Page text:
Home  »  Volume IV: English PROSE AND POETRY SIR THOMAS NORTH TO MICHAEL DRAYTON  »  § 11. The Problem of Pauperism

The Cambridge History of English and American Literature in 18 Volumes (1907–21).
Volume IV. Prose and Poetry: Sir Thomas North to Michael Drayton.

XV. Early Writings on Politics and Economics

§ 11. The Problem of Pauperism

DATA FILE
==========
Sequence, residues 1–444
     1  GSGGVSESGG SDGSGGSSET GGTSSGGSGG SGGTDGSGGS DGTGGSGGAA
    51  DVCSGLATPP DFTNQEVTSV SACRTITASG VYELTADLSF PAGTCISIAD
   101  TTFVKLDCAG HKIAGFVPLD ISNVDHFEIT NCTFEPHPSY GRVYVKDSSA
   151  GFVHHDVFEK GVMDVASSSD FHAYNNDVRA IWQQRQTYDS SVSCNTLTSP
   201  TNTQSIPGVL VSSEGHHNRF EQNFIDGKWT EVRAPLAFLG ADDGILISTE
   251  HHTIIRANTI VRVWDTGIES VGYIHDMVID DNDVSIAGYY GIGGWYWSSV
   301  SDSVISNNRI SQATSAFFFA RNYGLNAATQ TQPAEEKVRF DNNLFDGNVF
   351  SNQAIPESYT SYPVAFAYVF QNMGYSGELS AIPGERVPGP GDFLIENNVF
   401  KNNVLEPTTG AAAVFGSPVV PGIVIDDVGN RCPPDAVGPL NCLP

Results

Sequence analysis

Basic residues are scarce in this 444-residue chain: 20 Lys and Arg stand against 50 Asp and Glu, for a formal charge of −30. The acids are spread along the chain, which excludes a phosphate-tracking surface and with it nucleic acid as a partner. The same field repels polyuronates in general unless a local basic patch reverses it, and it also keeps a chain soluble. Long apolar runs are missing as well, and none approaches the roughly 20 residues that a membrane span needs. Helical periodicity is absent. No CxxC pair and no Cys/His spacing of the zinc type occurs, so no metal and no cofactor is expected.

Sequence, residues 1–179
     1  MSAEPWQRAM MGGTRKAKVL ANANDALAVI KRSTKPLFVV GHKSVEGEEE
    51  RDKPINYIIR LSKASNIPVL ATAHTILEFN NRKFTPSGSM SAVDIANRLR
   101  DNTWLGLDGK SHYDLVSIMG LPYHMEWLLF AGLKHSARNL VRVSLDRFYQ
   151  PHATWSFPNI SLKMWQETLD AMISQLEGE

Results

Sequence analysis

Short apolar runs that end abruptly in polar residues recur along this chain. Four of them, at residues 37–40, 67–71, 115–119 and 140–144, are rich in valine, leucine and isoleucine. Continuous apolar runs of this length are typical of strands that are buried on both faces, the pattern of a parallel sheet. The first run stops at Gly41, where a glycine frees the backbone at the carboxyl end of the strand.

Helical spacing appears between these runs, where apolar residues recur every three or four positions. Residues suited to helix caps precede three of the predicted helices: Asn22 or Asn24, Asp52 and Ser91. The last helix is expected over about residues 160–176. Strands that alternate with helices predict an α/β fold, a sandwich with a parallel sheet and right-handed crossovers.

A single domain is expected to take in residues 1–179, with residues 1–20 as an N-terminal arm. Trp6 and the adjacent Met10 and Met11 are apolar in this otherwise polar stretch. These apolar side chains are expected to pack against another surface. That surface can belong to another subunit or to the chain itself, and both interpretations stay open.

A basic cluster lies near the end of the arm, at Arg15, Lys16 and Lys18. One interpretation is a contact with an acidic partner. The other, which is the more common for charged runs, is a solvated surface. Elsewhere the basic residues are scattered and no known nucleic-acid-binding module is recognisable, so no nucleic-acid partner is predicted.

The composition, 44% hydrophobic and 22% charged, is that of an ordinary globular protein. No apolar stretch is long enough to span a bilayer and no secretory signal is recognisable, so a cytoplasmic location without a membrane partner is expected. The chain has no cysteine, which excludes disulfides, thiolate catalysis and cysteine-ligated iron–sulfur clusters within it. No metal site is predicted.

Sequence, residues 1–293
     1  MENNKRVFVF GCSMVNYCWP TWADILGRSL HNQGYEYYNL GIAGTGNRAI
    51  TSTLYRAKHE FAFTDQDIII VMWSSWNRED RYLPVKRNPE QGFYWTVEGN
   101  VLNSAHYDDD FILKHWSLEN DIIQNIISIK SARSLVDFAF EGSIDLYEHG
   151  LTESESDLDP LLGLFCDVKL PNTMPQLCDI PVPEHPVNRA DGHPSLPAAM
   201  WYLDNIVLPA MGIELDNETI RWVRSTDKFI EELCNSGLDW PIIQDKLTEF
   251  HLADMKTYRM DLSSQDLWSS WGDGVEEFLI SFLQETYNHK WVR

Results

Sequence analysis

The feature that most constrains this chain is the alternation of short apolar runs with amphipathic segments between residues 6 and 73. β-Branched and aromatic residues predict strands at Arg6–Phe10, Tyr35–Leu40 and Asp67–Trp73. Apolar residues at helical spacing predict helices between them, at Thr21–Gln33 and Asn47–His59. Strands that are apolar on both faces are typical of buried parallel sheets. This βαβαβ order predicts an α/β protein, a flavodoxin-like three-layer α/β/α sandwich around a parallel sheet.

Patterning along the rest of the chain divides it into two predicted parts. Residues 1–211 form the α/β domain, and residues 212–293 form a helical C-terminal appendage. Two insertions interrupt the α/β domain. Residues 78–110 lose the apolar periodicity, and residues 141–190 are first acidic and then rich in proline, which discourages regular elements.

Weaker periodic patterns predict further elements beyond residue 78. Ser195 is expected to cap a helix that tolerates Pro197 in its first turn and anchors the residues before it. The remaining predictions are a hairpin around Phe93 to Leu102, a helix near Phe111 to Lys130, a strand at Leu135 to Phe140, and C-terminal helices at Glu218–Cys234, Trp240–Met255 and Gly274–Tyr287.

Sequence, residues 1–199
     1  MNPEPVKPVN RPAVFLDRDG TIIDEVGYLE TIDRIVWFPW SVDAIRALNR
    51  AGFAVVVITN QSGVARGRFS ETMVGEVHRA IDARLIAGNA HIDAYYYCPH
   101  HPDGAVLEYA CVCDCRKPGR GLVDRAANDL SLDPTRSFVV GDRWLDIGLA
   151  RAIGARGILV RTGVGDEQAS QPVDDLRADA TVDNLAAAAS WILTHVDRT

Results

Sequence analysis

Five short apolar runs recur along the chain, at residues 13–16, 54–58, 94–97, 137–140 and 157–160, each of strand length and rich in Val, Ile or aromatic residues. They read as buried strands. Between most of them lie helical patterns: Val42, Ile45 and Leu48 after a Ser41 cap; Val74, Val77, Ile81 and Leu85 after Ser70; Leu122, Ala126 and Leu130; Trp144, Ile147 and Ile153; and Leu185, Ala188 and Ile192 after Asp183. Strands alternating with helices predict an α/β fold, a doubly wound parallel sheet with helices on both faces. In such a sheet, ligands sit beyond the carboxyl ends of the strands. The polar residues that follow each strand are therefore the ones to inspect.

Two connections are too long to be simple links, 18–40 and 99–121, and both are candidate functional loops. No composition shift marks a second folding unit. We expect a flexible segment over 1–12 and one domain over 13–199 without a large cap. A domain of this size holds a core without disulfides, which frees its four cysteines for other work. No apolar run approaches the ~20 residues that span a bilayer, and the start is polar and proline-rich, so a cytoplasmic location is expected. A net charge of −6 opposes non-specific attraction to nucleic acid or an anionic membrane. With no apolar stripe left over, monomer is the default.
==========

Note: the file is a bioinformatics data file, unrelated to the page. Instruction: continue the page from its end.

In the Elizabethan period, attempts were also made to substitute public organisation for private benevolence in the relief of the poor. By seeking to take over the care of the poor, the state may be said to have condemned the spasmodic efforts of personal charity as insufficient, and to have attempted organised relief which rendered them unnecessary. The problem of pauperism had assumed enormous proportions both in town and country, in the early part of the sixteenth century; and the dissolution of the monasteries and the breaking up of religious houses had, at all events, helped to render the evil more patent. The Supplication for the beggars is an instructive picture of the variety of mendicants who were to be met with before affairs reached their worst. The drastic measures of Edward VI were insufficient; but it appears that the administration of Elizabethan laws, coupled with the efforts that were made to introduce new industries, and especially with the wide diffusion of spinning as a domestic art, caused an enormous improvement in many parts of the country before the civil war broke out. There is much interesting writing in this period on the causes of poverty and on the best means of meeting it. We hear both from Devonshire and Wiltshire of fluctuations in the clothing trade as the main causes of distress, while there was also a tendency to attribute it to the introduction of pasture farming and the enclosure of commons; others urged that the squatters on the commons were the most usual source of mischief, and that greater stringency in dealing with them was essential if the problem was to be tackled. The charitable spirit, indeed, was not dead, and, during the early part of the seventeenth century, a very large number of parochial benefactions were founded for the teaching of children, for apprenticing boys or enabling them to start in business and for the care of the aged. But, on the whole, the relief of the poor was coming to be thought of more and more as a duty that was to be exercised through public channels and not by personal gifts. How far this machinery could have continued to serve its purpose may be doubtful; but, at all events, the disorder which was caused by the outbreak of the civil war put an end to the centralisation on which its efficiency depended; many years were to elapse, and many local abuses to arise, before the various factors could be once more co-ordinated in the pursuit of a common policy throughout the realm.